In a molecule of water (H2O), there are two polar covalent bonds; each involves the central oxygen atom and an attached hydrogen atom. The two arrows representing the molecule’s bond dipole moments point away from the less electronegative hydrogen atoms and towards the more electronegative oxygen atom. In addition, the oxygen atom has a partially-negative charge, while the two hydrogen atoms have partially-positive charges. Because the central oxygen atom bonds with two other atoms and contains two lone pairs of electrons, the structure of H2O is bent (with a bond angle of 104.5°). Unlike in a molecule of carbon dioxide, the individual bond dipole moments in a molecule of water do not cancel out. This means that H2O has a net dipole moment and is a polar molecule.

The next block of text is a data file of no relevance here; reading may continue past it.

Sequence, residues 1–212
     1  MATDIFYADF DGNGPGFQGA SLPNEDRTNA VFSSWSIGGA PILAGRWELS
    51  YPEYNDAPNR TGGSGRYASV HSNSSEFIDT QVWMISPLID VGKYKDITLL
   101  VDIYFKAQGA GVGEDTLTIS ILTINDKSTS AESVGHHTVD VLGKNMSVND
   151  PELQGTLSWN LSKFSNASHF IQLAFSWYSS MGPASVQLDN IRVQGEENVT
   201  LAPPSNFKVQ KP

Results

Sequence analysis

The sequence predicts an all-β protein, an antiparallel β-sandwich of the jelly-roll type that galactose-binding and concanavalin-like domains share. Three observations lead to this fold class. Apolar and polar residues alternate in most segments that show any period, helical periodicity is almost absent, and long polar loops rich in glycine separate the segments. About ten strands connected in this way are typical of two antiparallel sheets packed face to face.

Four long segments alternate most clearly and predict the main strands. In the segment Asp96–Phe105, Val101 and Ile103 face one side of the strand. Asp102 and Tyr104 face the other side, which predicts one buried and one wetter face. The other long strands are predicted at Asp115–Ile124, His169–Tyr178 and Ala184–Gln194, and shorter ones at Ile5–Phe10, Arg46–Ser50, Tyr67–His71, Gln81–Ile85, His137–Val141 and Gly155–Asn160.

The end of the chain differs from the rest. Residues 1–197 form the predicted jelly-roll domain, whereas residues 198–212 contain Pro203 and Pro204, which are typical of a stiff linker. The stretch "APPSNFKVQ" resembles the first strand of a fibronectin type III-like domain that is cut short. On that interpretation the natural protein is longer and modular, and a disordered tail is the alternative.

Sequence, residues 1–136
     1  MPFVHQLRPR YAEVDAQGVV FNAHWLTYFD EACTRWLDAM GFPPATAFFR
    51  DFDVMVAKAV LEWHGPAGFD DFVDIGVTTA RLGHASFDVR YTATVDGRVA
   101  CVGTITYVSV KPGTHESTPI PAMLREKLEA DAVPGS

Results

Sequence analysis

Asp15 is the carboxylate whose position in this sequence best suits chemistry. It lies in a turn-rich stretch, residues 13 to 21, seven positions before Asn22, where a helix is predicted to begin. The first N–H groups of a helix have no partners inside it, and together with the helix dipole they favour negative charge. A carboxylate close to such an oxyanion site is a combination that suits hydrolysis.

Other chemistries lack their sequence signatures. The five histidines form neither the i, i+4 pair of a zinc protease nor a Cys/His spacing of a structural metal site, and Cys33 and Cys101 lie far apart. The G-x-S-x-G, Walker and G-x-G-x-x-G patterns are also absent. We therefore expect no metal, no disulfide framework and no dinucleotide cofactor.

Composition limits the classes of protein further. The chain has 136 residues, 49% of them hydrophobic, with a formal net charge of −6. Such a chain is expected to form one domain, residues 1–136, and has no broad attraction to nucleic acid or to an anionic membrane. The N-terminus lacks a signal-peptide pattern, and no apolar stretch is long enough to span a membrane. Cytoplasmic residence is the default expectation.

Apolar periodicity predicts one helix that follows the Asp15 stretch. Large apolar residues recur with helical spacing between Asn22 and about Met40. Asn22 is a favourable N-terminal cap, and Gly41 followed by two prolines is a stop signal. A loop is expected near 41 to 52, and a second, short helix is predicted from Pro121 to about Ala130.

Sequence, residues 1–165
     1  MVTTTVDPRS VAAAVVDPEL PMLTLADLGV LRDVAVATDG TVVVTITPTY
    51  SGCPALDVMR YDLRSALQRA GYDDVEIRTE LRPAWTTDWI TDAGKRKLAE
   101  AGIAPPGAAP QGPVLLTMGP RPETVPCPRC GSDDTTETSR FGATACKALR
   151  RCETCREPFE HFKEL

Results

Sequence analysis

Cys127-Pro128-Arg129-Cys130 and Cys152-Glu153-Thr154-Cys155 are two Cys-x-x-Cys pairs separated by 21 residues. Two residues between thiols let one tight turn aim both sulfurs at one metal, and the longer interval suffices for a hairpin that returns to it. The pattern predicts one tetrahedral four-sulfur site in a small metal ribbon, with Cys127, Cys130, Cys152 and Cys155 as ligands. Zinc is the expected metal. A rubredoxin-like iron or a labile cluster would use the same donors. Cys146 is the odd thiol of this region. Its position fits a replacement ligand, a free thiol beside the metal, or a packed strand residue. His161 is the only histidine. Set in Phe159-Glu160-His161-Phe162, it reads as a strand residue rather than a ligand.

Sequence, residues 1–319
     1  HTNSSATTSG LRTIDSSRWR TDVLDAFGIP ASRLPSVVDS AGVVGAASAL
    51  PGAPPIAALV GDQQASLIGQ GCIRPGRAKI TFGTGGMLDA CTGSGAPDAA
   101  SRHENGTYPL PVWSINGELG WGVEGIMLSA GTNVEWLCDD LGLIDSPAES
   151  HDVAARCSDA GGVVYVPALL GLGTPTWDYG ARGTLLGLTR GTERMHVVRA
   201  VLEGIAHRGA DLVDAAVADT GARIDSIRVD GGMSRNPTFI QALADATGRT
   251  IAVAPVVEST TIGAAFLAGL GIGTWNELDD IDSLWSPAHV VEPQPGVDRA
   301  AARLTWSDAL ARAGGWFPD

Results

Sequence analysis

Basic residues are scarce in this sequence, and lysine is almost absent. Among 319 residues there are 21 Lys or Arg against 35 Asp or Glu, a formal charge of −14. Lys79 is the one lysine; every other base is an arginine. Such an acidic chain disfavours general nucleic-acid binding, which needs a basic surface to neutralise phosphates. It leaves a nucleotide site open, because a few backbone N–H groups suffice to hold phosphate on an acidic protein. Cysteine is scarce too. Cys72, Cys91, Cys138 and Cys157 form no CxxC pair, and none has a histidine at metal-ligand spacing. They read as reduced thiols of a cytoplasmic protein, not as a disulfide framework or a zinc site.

H2O Dipole Moment
The red arrows represent the individual bond dipole moments in a molecule of water. The blue arrow represents the net dipole moment.

NH3 Dipole Moment

In a molecule of ammonia (NH3), there are three polar covalent bonds; each involves the central nitrogen atom and an attached hydrogen atom. Electrons tend to move towards the more electronegative nitrogen atom and away from the less electronegative hydrogen atoms (as indicated by the arrows for the three individual bond dipole moments). The nitrogen atom has a partially-negative charge, while the hydrogen atoms have partially-positive charges. Since the central nitrogen atom bonds with three other atoms and has one lone pair of electrons, a molecule of ammonia has a trigonal-pyramidal shape (with a bond angle of 107°). The individual bond dipole moments in a molecule of ammonia do not cancel out; this means that NH3 has a net dipole moment and is a polar molecule.

NH3 Dipole Moment
The red arrows represent the individual bond dipole moments in a molecule of ammonia. The blue arrow represents the net dipole moment.

Further Reading

Peyton Powell